By Dr. Chuck Kelley
Has a quote ever grabbed you and pulled you in close to make you pay attention? Here is one that stopped me in my tracks. The name of the book is: The Myth of the Dying Church by Glenn T. Stanton. The purpose of the book is to debunk the many stories published in various news outlets about the decline of Christianity in America following a 2015 report from the Pew Research Center, one of the more prestigious research centers in the nation. The name of the report is “America’s Changing Religious Landscape.” The Pew Center summarized the report as follows: “Christians Decline Sharply as Share of Population; Unaffiliated and Other Faiths Continue to Grow.”
Stanton wrote his book because he believes that the Pew Research Center summary is misleading, particularly in light of the findings of multiple studies from other significant centers of social science research into the current state of religion. While the report does reveal mainline denominations are clearly declining, Pew’s research actually indicated evangelical and non-denominational churches are holding steady or growing as a share of the national population.
Knowing Stanton’s purpose is to demonstrate how well conservative and evangelical churches are actually doing makes this quote even more riveting. Here is what he said:
The Southern Baptist Convention churches were the only conservative ones that showed a decline between 2007 and 2014. All the other major traditional/ evangelical denominations either remained precisely steady or increased just a bit as a percentage of our nation’s population.(p. 28)
In other words, while other conservative, evangelical churches are stable or growing as a share of the population, SBC churches are in fact declining. One cannot help but wonder: Why?
My adult life has been spent in research, reflection, teaching, and speaking on Southern Baptist evangelism. For more than a decade, I have been teaching, speaking, and writing about the evangelistic crisis unfolding in the Southern Baptist Convention. As a seminary President, I did so frequently in private conversations with SBC leaders. As an evangelism professor and evangelist, I addressed the topic publicly in classrooms, churches, and multiple state conventions and regional conferences. While many have thanked me for putting an uncomfortable topic out there for discussion, others have been frustrated to the point of anger that I would speak so openly and frequently of Southern Baptist decline and the growing evangelism crisis.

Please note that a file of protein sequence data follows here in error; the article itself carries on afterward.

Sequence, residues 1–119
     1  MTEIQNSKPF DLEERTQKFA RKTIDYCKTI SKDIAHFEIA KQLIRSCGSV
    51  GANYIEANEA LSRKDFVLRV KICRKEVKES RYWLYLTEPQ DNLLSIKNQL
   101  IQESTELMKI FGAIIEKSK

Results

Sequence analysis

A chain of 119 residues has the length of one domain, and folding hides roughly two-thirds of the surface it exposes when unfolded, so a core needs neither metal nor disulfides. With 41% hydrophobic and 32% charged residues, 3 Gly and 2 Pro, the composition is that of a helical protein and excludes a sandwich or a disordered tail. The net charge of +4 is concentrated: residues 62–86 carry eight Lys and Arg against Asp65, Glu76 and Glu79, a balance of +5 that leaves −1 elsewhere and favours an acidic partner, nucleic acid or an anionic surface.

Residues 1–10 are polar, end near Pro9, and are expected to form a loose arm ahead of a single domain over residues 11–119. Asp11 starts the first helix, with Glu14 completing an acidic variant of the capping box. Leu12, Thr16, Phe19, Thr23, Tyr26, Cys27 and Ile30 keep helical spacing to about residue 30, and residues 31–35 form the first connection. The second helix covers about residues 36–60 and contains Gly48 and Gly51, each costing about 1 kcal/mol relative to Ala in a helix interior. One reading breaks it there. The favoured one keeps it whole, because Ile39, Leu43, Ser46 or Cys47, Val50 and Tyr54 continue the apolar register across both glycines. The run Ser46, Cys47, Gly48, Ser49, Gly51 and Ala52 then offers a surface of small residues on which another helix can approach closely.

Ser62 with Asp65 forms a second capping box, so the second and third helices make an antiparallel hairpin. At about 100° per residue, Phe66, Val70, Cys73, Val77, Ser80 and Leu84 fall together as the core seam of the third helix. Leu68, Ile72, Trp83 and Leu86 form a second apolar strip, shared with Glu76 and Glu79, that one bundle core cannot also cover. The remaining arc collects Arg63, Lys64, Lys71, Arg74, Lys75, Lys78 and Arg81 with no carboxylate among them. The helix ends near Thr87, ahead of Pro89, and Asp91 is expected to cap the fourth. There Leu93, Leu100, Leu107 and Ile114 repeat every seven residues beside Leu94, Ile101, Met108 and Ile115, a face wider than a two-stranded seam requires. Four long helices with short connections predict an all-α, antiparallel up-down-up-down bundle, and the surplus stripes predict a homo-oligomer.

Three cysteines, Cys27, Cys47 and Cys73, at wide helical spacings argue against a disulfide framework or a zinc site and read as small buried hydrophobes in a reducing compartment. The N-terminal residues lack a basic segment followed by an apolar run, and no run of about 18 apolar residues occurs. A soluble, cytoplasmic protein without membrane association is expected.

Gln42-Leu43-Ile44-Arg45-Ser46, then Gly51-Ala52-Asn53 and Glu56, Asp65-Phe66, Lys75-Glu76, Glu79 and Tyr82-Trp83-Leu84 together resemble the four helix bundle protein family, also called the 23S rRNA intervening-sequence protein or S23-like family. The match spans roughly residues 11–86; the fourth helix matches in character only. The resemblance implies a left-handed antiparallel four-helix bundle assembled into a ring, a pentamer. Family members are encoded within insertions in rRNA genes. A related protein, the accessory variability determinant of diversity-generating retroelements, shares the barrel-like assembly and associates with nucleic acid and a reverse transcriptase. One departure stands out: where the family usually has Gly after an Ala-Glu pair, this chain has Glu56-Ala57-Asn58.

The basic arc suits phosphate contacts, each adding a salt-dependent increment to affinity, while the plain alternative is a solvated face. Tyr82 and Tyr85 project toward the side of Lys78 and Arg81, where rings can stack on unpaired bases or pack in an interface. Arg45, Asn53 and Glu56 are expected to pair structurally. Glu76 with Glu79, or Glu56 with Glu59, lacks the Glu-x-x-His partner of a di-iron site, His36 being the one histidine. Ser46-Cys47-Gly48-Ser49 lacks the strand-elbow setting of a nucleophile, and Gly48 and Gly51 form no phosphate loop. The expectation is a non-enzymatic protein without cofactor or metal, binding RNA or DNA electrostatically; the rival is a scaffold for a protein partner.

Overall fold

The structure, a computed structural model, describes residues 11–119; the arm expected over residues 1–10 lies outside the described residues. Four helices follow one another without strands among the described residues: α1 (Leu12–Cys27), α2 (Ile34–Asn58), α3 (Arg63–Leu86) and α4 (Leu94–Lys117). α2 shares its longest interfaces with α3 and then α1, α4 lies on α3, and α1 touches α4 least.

Today, I am more convinced than ever that we must have conversations about the realities of SBC decline if we are going to find a path forward to fresh growth. Toward that end, I am launching a series of nine blogs on “The Dilemma of Decline in the SBC.” Beginning tomorrow one new blog will be posted each week for the next nine weeks. Please note these suggestions.
1) These blogs are about starting conversations, not proving a point. Assume there is substantive research behind each blog. I chose to be brief and not describe my points at length.
2) Please do not look for a person or persons to blame for where we are now. The coming blogs will identify several attempts to deal with this issue in the last two decades. None have turned the ship around yet, but passionate efforts were made. I cannot describe the various attempts to turn things around without identifying the people involved, but don’t let names be a distraction. Respect the passion and the efforts of those involved. Stay focused on asking how we can get better results.
3) Let’s work together to create a healthy assessment culture around those things we choose to do as a Convention. In its annual meeting, the SBC often votes to do big things. Rarely do we ask later what happened when we did them. As a Convention we should follow up on major SBC initiatives after a reasonable period of time and ask: How did that initiative actually work? Does it need tweaking? Have we learned anything for the next time we address this or other issues at the Convention level? SBC polity makes any assessment process of Convention action a complex problem. Having at least five years of data to assess is my practice, but by then in the SBC, we are at least 3 Presidents removed from the launch point. However, being a complex problem does not mean it is an impossible problem.
4) You can hit delete on my brief assessments if you desire, but please look around and do your own assessment. Talk about where we are with your friends. Look up the baptism history of your church. Go online to the Southern Baptist Historical Library and Archives (www.sbhla.org) or the SBC Executive Committee (www.sbc.net) and access editions of the Annual of the Southern Baptist Convention, and get your own information. The official statistics of the SBC are in every edition of the annual, always included in the Executive Committee Report.
I do hope that after reading this series of blogs we will all be able to agree that we must do better. Also, I hope we will all agree that we are more likely to do better if we work on the Great Commission together. That is the distinctive Southern Baptist way. Again, Part 1 of the series will be posted tomorrow. Each Wednesday thereafter another part will be released.
Pastor’s Take Away: Open analysis and honest conversations about where you are as a church can be a catalyst for fresh progress and growth. Consider looking carefully at what has happened in the last ten years in your church and ask, “Where are you now?”